pg; 5,010 words; multi-chapter
there was a lifetime in each other, if they chose to see it.
note: please, please ignore or forgive any military inaccuracies!
part zero; a moment | part one; a past | part two; a denial | part three; a growing up | part four; a togetherness | part five; a separation | part six; a confession | part seven; a quarrel | part eight; a break up | part nine; a falling | part ten; a support | part eleven; a loyalty | part twelve; an understanding
It takes six months of naval life before Donghae decides that, no matter what happens in his very uncertain future, he will not make a career out of the navy.
It isn't that it's particularly harsh or difficult. It's actually pretty fun at first, learning how a ship works and how to be a part of an entirely different team. He learns to answer to "seaman Lee Donghae" and to address his officers as "sir". He learns how to cover for his buddies, what "all for one" means, how to make his bed spick and span for inspection, how to shine his boots and iron his uniform, how to navigate, stand watch at all hours of the night, and understand any amount of navy jargon. He has spent so much of his life being used to discipline and physical fitness that not even morning drills bother him the way they do some of his mates; and years of being a Korean idol has trained him to survive very well on little sleep and short showers. His charm and large watery eyes mean that everyone in his unit eventually starts looking out for him the same way his managers and seniors have done for most of his life, and his easy-going ways and people skills acquired from being a showbiz veteran mean pretty much everyone is willing to be friendly.
But despite all that, boredom and homesickness begin to set in, and though he tries to control it by telling himself that he has to take navy life as it comes and serve his country cheerfully, it's way more difficult than he could have imagined. After ten or more years of constantly being on the go, always having several new projects on the horizon, travelling to countries beyond most ordinary Koreans' knowledge of geography, being the adored darling of thousands of fans, setting up his own businesses and mixing with some of the most interesting, talented and artistically stimulating people in the country, naval life with all its restrictions and mundane tasks falls flat for him after the initial novelty wears off. He's bored – bored out of his mind – getting increasingly bored every day; his buddies are nice, but most of them have barely started work yet, and he can't quite participate in their idealistic talk about what careers they're going to pursue when they leave the army. He can't participate in their ceaseless talk of girls, either; he simply can't feign interest in which girl is hot and which girl he wants to sleep with, though his squad attributes his lack of interest to desensitisation ("after all," they surmise, "who's gonna bother with ordinary girls after probably fucking half of SNSD?").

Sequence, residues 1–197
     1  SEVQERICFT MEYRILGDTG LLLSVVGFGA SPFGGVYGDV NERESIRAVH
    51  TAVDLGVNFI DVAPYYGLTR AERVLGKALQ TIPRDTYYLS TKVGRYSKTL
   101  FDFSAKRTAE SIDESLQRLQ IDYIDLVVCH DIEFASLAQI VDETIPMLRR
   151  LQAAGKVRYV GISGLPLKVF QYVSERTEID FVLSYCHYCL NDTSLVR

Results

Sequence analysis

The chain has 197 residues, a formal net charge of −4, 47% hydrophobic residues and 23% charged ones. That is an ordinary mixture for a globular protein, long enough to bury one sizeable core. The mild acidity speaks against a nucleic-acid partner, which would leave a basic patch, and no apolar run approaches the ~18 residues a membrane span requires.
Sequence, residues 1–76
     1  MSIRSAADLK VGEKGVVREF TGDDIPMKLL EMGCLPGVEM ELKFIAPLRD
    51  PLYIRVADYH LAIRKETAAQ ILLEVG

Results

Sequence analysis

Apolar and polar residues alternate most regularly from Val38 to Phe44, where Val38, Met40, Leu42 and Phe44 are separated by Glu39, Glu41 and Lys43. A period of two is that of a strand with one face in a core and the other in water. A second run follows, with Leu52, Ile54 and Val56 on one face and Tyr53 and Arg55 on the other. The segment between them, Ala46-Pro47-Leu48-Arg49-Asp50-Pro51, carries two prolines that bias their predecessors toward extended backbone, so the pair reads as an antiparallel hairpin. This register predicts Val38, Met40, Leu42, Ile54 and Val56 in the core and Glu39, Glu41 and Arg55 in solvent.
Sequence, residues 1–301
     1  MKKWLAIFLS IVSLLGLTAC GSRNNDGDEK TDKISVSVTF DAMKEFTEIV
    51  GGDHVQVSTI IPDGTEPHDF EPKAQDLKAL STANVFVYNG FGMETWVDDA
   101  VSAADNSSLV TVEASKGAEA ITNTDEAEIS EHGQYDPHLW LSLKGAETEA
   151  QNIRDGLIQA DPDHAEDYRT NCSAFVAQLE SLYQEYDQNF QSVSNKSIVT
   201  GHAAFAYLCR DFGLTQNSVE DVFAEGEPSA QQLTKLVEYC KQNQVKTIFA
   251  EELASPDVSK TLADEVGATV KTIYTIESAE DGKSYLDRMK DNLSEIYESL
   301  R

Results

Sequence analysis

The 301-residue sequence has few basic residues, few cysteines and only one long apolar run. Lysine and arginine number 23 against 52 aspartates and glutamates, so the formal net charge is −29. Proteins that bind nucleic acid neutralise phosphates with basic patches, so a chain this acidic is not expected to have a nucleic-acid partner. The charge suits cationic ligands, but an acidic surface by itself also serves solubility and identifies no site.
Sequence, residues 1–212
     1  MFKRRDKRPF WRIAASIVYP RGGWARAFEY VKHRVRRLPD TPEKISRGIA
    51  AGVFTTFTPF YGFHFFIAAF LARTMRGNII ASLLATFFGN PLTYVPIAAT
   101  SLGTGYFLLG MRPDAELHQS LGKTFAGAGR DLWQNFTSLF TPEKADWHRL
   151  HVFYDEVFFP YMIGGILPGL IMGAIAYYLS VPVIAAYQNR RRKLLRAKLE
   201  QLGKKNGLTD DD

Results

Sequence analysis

He does joke around with them about random silly things and shares openly about his family and the Suju members, and occasionally he has serious, heart-to-talk talks with his buddies about hopes and dreams and romance, but at night loneliness comes and stares him so hard in the face that he's frightened. To be sure, he receives plenty of letters and phone texts – his mum and Donghwa keep in contact with him often, and he calls them regularly after-hours when he's not too tired – Jungsu never forgets to call on the weekends to keep him updated on the group's progress, the Super Junior Kakaotalk group chat is active, and Heechul sends him any amount of amusing texts. But Hyukjae feels a million miles away roughing it out with the marine corps, and while they manage to squeeze in calls every other week, the physical separation makes him feel like he's on the verge of going crazy.
"I just want to see you again," he confesses when they finally manage to coordinate a phone call after two weeks of not talking, and the minutes fly by so quickly that he's left hobbling up a mountain of unsaid words with no time to say them. "I miss your stupid face so much. If I could see you again, maybe it'll be easier to stand all this."
"Just think of this as practice," Hyukjae says.
"For when we get old and move away and not see each other for years except at occasional Suju reunions…"
"Why are you being mean?" Donghae demands, feeling the familiar sensation of tears creeping up his throat. "Here I am telling you my true feelings, and there you are still making fun of me!"
"I'm sorry, I'm sorry," Hyukjae says contritely. "You know, I don't look all that great right now. I have no hair. I have eye bags. I've even got some pimples around my jaw, how terrible is that? It's not such a bad thing that you can't see me; you'll start doubting why you ever wanted to sleep with me and then you'll get depressed. Trust me."
That makes him laugh instead of cry. It comforts him to know that Hyukjae's doing well in the marines and keeping so busy that he has no time for homesickness (Hyukjae has always had an independent streak, anyway; something as paltry as homesickness isn't going to drag him down). But just before they end the call, Hyukjae says, "I miss you too, I even dream about you at night, to be honest, though I can't remember any of them", and while he wouldn't entirely put it past Hyukjae to make that up just to let Donghae feel wanted, it makes him want to hang on to the phone, to that thin thread connecting him to Hyukjae's voice, and never let go.